Abstract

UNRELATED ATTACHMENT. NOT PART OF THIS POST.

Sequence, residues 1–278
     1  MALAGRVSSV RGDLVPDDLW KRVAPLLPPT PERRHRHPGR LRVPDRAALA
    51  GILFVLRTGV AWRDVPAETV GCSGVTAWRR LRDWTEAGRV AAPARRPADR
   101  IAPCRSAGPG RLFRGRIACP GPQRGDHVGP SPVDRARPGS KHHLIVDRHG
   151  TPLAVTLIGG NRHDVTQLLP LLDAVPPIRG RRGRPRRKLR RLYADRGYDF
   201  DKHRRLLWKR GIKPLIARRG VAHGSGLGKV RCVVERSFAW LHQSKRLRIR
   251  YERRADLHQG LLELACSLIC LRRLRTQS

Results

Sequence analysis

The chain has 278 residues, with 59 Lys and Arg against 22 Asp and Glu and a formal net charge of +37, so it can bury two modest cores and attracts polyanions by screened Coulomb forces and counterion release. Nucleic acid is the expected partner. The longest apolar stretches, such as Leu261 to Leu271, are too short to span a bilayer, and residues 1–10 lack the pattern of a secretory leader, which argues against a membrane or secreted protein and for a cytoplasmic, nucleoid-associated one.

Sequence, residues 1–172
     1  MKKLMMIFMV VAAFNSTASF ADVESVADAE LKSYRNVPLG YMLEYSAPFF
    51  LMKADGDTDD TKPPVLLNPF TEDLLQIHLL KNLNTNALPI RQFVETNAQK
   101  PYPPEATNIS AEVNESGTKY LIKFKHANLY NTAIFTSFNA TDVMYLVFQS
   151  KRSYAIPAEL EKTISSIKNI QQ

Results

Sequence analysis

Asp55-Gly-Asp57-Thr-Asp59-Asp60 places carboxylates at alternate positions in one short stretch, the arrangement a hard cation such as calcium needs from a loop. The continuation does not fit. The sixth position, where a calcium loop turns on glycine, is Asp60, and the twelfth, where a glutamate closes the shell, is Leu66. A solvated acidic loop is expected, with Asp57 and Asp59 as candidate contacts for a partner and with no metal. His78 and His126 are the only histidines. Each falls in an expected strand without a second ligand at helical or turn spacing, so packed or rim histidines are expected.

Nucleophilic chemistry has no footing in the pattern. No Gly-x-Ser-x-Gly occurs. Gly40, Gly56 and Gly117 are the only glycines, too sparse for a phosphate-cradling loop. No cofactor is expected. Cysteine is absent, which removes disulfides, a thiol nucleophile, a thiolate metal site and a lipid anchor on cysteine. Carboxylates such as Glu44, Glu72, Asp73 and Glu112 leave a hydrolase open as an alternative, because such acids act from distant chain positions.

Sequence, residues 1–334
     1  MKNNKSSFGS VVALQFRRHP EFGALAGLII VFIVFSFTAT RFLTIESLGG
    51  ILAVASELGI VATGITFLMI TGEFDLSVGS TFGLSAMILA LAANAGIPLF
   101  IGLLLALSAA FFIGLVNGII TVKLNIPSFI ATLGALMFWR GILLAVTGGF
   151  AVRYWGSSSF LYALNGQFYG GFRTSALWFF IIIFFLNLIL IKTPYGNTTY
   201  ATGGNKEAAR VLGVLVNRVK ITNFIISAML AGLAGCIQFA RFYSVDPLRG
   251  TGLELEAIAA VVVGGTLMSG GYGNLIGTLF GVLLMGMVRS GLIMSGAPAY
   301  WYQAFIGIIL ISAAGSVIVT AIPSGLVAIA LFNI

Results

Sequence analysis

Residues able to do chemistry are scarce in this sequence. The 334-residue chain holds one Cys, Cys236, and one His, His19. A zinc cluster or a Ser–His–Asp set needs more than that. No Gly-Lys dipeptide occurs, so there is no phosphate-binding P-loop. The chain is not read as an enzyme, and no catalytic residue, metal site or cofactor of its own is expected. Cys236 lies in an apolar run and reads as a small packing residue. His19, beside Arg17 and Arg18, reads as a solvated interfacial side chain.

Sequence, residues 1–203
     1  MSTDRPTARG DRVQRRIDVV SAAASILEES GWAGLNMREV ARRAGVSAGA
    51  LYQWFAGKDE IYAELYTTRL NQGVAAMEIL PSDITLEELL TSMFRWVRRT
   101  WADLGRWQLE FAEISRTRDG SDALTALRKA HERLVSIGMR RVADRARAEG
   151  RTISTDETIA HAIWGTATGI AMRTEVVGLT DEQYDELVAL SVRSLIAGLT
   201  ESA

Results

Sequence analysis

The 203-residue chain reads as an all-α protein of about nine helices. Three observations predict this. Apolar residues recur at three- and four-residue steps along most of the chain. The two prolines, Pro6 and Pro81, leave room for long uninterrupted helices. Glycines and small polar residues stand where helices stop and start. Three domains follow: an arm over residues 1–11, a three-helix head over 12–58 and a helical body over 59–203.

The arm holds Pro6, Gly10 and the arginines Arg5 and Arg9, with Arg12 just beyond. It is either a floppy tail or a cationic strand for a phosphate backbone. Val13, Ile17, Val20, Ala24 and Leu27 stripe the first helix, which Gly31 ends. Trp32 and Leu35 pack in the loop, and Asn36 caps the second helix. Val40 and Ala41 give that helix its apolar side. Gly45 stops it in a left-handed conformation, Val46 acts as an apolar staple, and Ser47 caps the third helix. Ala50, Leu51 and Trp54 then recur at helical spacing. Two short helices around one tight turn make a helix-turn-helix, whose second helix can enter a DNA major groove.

The Rb-Sr system of phillipsites from an indurated volcano-sedimentary mass sampled in the Southern Pacific Ocean became closed long after the deposition of the host rock: Middle Miocene (14.7 + or - 3.3 Ma) and Middle Eocene, respectively. This isotopic age of about 15 Ma probably represents the end of an induration phenomenon which stopped the chemical exchanges between the zeolites and their environment. These minerals inherited Sr primarily from volcanic material, as demonstrated by their initial 87 Sr/ 86 Sr ratio at 0.70441 + or - 0.00036 (2sigma ) which plots within the values of the known 87 Sr/ 86 Sr ratios of the nearby basalts. The leaching technique with diluted acid was checked by recalculation of the Rb and Sr contents of the leachates and residues according to their percentage in the untreated sample and comparison with their amounts in the corresponding untreated sample. Any discrepancy is, in most cases, smaller than 3.5 percent for both Rb and Sr amounts. This technique may, therefore, be used to obtain a correct amount of the distribution of these elements among the soluble and insoluble fractions. The examination of the leachates also showed that the volcano-sedimentary material forming the cores of nodules from the water-sediment interface experienced a more complex history than the underlying analogous volcano sedimentary level.

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